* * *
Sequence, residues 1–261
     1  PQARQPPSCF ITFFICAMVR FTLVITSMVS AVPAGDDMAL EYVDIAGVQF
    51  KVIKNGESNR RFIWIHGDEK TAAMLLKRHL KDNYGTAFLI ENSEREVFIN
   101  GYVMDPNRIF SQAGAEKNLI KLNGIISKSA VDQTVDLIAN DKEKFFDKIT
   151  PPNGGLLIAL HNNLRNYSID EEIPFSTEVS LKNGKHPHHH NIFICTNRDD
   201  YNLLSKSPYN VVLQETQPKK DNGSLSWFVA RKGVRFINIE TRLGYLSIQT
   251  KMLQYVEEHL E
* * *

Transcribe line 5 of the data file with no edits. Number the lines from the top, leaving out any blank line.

   151  PPNGGLLIAL HNNLRNYSID EEIPFSTEVS LKNGKHPHHH NIFICTNRDD